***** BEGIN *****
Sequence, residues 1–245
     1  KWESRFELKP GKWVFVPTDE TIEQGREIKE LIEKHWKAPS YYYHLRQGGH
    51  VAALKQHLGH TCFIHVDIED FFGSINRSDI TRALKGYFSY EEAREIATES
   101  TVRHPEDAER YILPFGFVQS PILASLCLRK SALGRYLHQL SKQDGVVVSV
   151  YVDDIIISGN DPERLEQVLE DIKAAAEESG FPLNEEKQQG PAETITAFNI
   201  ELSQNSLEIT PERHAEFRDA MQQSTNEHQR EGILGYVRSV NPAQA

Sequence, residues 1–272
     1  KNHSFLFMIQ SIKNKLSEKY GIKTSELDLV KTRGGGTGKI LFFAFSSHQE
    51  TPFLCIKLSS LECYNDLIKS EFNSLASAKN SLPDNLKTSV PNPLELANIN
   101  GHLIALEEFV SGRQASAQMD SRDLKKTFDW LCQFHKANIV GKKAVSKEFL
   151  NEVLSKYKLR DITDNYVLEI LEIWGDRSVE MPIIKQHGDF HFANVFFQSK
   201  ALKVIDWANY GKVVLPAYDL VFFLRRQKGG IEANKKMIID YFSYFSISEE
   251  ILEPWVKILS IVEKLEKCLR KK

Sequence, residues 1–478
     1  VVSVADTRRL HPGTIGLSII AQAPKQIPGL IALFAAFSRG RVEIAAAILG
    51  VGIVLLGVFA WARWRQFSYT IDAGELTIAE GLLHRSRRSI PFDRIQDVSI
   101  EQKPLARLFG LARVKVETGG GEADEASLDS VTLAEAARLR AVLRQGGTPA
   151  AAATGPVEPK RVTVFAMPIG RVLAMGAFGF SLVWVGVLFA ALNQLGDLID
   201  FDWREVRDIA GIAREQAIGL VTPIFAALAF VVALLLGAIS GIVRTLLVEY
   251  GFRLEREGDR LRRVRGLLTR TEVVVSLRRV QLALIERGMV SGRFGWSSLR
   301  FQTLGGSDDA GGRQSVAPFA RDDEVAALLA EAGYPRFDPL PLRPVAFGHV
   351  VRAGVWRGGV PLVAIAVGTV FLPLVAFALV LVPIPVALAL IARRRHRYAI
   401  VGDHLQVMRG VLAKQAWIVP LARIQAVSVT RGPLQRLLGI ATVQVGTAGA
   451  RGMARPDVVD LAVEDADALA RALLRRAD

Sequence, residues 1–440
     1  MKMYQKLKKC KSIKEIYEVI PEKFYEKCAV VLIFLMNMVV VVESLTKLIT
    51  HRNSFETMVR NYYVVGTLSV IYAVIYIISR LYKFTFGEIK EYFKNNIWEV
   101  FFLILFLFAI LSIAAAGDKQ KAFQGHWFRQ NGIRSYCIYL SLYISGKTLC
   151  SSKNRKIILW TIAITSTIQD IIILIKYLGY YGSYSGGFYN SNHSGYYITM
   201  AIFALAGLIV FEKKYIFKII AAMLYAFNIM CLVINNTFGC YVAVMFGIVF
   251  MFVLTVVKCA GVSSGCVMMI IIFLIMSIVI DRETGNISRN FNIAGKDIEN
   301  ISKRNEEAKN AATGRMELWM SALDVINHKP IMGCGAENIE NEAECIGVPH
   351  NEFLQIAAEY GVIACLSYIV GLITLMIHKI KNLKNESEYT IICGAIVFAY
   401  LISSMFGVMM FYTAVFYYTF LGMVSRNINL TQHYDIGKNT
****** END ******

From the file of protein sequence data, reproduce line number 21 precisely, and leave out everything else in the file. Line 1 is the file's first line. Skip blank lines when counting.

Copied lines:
   301  FQTLGGSDDA GGRQSVAPFA RDDEVAALLA EAGYPRFDPL PLRPVAFGHV